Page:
Madrid, Nov 22 (EFE) .- Leaders and former leaders of the PSOE, former presidents such as Felipe González, José Luis Rodríguez Zapatero or Mariano Rajoy rescue the legacy of Alfredo Pérez Rubalcaba and participate in a first biography that, in the absence of the memoirs he never wrote , discover the ins and outs of politics of the last 30 years.
The book “Rubalcaba. A real politician”, the work of journalist Antonio Caño and edited by ‘Plaza & Janés’, collects testimonies from allies and detractors, delves into personal writings and emphasizes what he always considered his greatest achievement: having contributed to the end of ETA.
The text, which goes on sale next Thursday 26, contains unpublished information on March 11, the outlawing of Batasuna, the end of ETA, the Statute of Catalonia or the territorial debate, but it also explores relations with other leaders of the PSOE and with Pedro Sánchez in particular who, precisely, has refused to participate in the book, according to the publisher.
The first secretary of the PSC, Miquel Iceta, refers to the relationship with Pedro Sánchez, who says that Rubalcaba thought that the current president of the Government “was not a socialist, a social democrat. He considered him a leftist radical.”
For his part, according to the editorial note, Sánchez distrusted Rubalcaba’s intentions and preferred to keep him at a distance, unlike Iceta who continually consulted him because he needed to know his point of view.
“I have told Pedro that at some time, what happens is that Pedro is very special for this.” “And I think he missed that because Rubalcaba had an experience, knowledge and rigor of things … “, admits the leader of the PSC.
But not only does the book enter personal relationships, it also addresses great moments such as the day ETA announced that it was laying down its arms. “The iron minister that he was began to cry. He had dedicated so much to him …” emphasizes the author.
Antonio Caño highlights that Rubalcaba always thought in the long term, marking the path of those who sat at the negotiating table and ended what he believed to be the last Franco legacy.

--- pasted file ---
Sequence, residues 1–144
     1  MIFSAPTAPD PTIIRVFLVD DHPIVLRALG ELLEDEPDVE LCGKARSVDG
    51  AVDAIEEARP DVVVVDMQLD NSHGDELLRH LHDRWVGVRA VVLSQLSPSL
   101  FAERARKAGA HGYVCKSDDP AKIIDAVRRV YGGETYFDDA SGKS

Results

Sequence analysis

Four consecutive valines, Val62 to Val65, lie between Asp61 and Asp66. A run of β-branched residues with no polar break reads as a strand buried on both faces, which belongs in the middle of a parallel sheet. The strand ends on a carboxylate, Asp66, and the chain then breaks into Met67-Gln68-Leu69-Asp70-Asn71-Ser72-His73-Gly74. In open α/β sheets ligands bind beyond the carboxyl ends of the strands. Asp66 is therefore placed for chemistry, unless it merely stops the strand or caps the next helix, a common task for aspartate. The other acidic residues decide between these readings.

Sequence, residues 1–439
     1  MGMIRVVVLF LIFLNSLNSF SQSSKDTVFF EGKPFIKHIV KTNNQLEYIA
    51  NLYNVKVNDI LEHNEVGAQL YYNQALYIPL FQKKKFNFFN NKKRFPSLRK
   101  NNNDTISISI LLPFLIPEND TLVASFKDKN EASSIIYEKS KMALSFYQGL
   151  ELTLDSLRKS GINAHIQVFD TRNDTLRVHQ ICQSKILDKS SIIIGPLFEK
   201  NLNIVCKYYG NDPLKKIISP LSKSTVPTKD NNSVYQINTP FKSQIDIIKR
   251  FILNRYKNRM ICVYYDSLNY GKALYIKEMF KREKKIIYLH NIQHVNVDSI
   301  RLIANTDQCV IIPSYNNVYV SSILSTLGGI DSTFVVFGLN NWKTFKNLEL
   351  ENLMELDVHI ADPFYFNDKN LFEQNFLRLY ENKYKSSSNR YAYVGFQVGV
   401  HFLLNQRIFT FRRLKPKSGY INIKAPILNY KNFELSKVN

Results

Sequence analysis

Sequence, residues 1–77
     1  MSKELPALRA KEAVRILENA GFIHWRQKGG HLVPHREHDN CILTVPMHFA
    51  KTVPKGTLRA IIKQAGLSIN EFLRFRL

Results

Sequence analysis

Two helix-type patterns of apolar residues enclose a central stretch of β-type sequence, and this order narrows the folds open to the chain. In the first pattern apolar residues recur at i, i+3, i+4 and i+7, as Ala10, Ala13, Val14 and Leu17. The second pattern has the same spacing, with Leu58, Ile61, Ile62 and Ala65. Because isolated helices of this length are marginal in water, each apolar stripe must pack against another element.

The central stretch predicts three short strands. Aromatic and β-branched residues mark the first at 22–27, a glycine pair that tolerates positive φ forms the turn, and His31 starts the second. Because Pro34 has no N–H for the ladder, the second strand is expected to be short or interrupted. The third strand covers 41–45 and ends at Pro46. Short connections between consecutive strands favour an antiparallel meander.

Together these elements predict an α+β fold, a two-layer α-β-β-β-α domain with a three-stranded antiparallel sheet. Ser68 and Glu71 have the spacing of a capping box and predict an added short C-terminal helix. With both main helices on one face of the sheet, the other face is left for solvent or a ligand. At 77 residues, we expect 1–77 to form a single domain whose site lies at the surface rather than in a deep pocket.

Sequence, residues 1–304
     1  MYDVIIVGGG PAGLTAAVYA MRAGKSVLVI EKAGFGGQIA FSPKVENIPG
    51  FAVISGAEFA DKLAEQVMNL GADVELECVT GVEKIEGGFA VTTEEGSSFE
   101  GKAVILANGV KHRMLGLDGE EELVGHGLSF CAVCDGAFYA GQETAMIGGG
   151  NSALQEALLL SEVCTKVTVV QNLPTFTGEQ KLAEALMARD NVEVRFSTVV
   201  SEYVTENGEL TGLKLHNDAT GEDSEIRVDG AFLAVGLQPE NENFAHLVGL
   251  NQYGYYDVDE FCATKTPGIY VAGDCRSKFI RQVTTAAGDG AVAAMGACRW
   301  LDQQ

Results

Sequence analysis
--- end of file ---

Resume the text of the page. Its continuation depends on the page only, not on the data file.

But not only with politicians, Colonel Diego Pérez de los Cobos praises Rubalcaba’s quality, as Minister of the Interior, of meeting “and talking in his pants with Civil Guard commanders” about operational details in which none of his predecessors would have entered.
And that, says the colonel and picks up the editorial note, allowed him to have a very exhaustive knowledge of the reality of the enemy he was facing.
But what made him feel very alone, according to his chief of staff, Goyo Martínez, is the lack of support from the PP regarding ETA. “The biggest reproach was that in a state affair like this, we needed them behind us, because we were always behind them.”
In the interview for this book with Rajoy, the former president confirms that in 2013, at the height of tensions with Catalonia, Rubalcaba gave him a document with his proposals to resolve the territorial issue and that they were going through a reform of the Constitution, a map of regional powers and a reform of the Senate. It was not only about Catalonia.
Rajoy comments that the document was given to him with the PSOE logo and he asked him to bring it on blank paper with the intention of discussing it with other people without there being any detail that could reveal the origin.
The book also delves into another historical moment: March 11 and one of his speeches after the attacks: “Spanish citizens deserve a government that does not lie to them, a government that always tells them the truth.”
Words that probably served to finish off the electoral victory of the PSOE, according to the editorial in the press release.
The text also delves into the rivalry with Carme Chacón that turned into “manifest enmity” when she married Miguel Barroso, one of her biggest antagonists in the party, the statement said.
And he accepted the challenge of being a candidate for the 2011 elections knowing that it could be a trap.
“He did not come to believe me when I warned him that the president had other plans,” reveals former socialist leader Elena Valenciano in the book. “I told him that the president’s plans were for (Rubalcaba) to eat the result that was going to be bad, and that the alternative, the next step was Chacón, now free of dust and straw.”
Another of the phrases attributed to him is that of the “Frankenstein Government” to which he saw Sánchez doomed, and this is recognized in the book by former President Felipe González.
González maintained a fluid and constant relationship with Rubalcaba. “I criticized him for starting his analysis from back to front, I criticized him a lot, but in a funny tone. Ruba had no limitation in calling me,” he says.
His wife, Pilar Goya, is also present in this biography. Goya recalls impressed the burning chapel in Congress and the disconsolate presence of her students who hugged her crying and the commanders of the National Police and the Civil Guard “so excited.”
“They told me that the queue in the street was spectacular, that there were people who queued up to three hours. It was a kind of collective catharsis,” admits the woman who met Rubalcaba studying Chemistry and spent her entire life with him.
(c) EFE Agency